Like many people who are into classic film, I only knew Harry Myers as the drunk millionaire in Charlie Chaplin’s City Lights (1931). I knew he didn’t just appear out of nowhere, hand-picked form obscurity the way Virginia Cherrill had been. So, when I spotted him as one of the two comedy relief cowboys in Zander the Great I thought I’d found a clue as to his prior work.
Okay, this was maybe fifteen years ago, and the star of that film and the other comedy relief cowboy and their respective careers would also catch up with me. They were of course, respectively, Marion Davies and Harry Watson Jr., a/k/a “Musty Suffer”.
Maybe this was more than fifteen years ago, or I’d have come home from that show I played at MoMA, fired up my dial-up modem, launched my Netscape browser and looked up Harry Myers on Infoseek.
What I’ve learned in the last half dozen years or so is that Harry Myers had been in movies since the mid-’teens and been part of a successful series of shorts with Rosemary Theby. He’d been in a number of features, including a silent film version of A Connecticut Yankee in King Arthur’s Court.
Myers was not known for playing a drunk, but Hank Mann wasn’t known for playing boxers either, nor Eddie Baker for portraying referees. Chaplin tended to surround himself with people who were silent comedy veterans, with hundreds of comedy shorts under their belts. No matter — Chaplin made a name for himself playing a comic inebriate with the Fred Karno company and would no doubt have helped Myers out with some of the physicality.
The Myers and Theby series are very hard to find, like a lot of comedy shorts from the mid-’teens are, and when one of them turns up you get out the confetti.
A couple years ago, I was asked to record a score for a Myers and Theby comedy that was going to be posted on the National Film Preservation Fund’s “Screening Room” website. The film is A MODEL HUSBAND (1916) — feel free to make your own jokes about the irony of the film’s title and my last name — and had turned up at the EYE Filmmuseum and been preserved by the Library of Congress.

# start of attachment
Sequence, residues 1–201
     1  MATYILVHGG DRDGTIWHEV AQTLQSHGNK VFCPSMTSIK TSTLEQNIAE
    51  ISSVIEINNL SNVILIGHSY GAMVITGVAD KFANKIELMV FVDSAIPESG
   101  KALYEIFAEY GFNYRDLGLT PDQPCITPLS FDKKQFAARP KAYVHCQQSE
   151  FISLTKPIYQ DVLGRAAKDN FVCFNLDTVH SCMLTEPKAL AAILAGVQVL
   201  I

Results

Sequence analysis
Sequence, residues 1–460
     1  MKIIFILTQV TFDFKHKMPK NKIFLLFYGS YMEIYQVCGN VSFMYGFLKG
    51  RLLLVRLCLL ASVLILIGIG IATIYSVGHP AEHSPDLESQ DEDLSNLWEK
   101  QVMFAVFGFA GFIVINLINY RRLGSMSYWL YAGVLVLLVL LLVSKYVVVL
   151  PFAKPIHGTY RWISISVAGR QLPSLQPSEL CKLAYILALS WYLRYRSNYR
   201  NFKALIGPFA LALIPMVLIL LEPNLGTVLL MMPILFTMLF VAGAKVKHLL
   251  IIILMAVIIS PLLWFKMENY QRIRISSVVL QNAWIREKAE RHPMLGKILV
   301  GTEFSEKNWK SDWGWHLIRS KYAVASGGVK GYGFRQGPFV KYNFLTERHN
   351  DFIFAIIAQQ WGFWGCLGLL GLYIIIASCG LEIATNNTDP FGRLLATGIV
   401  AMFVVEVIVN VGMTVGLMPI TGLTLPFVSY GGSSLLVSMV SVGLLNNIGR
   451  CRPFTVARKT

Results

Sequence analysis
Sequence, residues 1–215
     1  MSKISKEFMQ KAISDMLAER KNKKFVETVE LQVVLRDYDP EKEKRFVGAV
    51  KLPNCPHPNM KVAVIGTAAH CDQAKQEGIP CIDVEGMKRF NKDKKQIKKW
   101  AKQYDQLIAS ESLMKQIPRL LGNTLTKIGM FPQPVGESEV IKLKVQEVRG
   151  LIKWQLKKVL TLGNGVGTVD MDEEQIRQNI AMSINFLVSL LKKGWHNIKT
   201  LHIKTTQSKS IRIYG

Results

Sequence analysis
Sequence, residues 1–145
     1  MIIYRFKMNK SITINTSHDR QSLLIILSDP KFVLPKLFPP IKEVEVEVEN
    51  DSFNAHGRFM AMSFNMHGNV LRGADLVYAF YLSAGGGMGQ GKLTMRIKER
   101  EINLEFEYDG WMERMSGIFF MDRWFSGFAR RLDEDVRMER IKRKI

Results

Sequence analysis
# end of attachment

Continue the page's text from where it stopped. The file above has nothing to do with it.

It’s one of those films from its time where the challenge in scoring is that a scene will simply cut from the end of a scene directly to a title setting up the next one. So, my tactic is to make the fade-ins and fade-outs that we’d expect to be there to make the transitions smoother and not abrupt happen musically. In previewing the film, I made mental or written notes about the things that happen just before the cut as cues for me to resolve and transition musically.
This may not have been done in 1916 — in fact, I’m pretty sure it wasn’t — but a contemporary audience expects the less-choppy transitions, and it’s something I can do musically to help a viewer of today decode the film and enjoy it.
A MODEL HUSBAND (1916) is posted on its own page on the NFPF Screening Room site with excellent film notes by Steve Massa. It’s not set up for embedding, so you’ll just have to go to the page to watch it. Click on the frame grab below, and enjoy!